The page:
Recently published the GEO Handbook on Biodiversity Observation Networks presents a powerful resource that will provide valuable guidance to those committed to protecting, sustaining and preserving biodiversity across the planet. The practical experience which GEO BON has accumulated through its own actions, and through the efforts of its network partners, is a valuable resource to biodiversity information systems everywhere—from those just starting out in places where there has previously been little information, to large operations holding vii enormous amounts of data and wishing to know how better to use it.
The Group on Earth Observations (GEO) is a voluntary international partnership of 102 governments and 92 participating organisations which share a vision of a future in which decisions and actions for the benefit of humankind are informed by coordinated, comprehensive and sustained Earth observations. GEO achieves its mission largely through self-organising communities focused on important Earth observation domains where decision-making will benefit from data that is shared broadly and openly. These communities form connected systems and networks, creating a Global Earth Observation System of Systems (GEOSS).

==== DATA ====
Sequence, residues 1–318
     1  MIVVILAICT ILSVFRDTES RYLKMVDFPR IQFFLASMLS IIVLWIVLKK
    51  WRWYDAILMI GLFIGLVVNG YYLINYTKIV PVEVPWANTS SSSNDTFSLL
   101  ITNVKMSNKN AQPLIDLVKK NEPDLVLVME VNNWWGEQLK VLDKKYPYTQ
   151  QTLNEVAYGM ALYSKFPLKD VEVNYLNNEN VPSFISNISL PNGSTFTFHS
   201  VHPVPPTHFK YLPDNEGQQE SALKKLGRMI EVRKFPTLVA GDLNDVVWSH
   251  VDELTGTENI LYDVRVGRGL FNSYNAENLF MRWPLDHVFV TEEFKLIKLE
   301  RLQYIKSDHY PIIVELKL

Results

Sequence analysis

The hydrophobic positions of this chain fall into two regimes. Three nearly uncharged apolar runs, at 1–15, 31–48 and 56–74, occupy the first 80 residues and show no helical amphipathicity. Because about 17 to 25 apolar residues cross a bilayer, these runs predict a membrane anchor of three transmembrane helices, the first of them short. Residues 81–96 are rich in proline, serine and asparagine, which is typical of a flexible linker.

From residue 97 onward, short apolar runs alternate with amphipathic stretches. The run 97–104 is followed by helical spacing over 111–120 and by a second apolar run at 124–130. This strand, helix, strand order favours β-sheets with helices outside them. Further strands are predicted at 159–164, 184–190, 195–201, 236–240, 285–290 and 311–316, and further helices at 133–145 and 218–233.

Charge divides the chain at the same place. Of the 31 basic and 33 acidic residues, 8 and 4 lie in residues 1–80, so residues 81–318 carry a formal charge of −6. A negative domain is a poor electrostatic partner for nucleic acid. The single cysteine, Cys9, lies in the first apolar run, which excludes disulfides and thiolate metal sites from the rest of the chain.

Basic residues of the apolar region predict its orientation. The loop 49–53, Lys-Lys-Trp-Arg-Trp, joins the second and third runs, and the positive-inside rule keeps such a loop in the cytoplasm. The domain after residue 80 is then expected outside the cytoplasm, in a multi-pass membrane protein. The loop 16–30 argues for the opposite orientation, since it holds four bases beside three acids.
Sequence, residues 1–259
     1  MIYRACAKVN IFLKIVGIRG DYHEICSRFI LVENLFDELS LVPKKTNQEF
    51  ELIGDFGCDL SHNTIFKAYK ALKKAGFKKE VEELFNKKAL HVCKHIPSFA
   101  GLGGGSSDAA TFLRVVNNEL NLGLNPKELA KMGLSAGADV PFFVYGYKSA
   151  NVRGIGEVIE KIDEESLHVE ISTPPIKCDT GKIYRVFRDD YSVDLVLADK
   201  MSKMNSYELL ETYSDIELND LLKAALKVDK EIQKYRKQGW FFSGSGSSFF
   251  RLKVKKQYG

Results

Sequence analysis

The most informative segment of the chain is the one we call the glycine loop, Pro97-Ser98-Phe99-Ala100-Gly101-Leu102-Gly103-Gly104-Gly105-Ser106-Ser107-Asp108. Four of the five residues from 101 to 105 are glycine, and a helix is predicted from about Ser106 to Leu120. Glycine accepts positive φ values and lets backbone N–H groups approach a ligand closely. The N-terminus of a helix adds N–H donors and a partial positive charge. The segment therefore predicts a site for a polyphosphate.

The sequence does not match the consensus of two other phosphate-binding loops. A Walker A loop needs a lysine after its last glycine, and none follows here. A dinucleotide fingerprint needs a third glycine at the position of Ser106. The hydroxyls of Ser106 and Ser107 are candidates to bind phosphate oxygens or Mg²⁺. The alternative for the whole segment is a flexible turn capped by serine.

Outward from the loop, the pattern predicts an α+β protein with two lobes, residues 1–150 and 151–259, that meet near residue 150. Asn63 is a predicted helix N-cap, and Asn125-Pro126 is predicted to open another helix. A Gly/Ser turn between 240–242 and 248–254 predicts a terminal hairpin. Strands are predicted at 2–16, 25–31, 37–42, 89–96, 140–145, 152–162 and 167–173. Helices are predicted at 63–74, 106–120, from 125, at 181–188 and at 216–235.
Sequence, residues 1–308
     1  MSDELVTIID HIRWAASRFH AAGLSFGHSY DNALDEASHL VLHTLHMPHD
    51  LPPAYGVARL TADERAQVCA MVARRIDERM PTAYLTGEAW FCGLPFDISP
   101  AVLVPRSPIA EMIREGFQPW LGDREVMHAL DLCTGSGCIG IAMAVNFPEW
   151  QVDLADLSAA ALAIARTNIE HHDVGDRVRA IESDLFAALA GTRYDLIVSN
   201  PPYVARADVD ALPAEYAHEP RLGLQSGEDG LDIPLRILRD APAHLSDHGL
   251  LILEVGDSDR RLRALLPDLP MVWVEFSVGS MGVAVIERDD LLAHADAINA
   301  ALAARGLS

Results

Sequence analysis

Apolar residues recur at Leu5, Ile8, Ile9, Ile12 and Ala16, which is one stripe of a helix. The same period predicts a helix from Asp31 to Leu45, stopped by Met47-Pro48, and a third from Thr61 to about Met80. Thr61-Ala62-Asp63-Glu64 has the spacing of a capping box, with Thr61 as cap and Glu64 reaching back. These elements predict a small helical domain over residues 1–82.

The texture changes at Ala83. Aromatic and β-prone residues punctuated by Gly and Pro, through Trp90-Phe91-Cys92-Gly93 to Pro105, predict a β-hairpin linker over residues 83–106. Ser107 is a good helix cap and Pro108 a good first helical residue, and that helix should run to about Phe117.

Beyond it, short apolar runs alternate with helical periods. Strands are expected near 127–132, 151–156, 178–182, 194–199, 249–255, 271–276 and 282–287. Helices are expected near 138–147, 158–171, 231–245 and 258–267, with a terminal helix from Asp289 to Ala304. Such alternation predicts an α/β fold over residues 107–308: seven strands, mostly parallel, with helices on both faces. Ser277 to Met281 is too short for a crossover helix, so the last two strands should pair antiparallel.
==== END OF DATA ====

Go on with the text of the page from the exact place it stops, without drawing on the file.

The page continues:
During its first ten-year implementation period, 2005–2015, GEO identified biodiversity as a key ‘Societal Benefit Area’, resulting in the formation of the GEO Biodiversity Observation Network, GEO BON. As GEO moves into its second, ten-year implementation period, GEO BON is recognised as one of its strongest communities. It has helped to mobilise and coordinate the data and information needed for an effective response to the global threats faced by organisms, species and ecosystems. In collaboration with international treaty bodies such as the Convention on Biological Diversity (CBD) and the Ramsar Convention on Wetlands of International Importance, GEO BON has worked with national conservation agencies and non-governmental organisations at scales from regional to global. These efforts have revealed both the benefits of working together and the challenges of such a complex, but urgent task, not least of which is filling the remaining large gaps in data and information.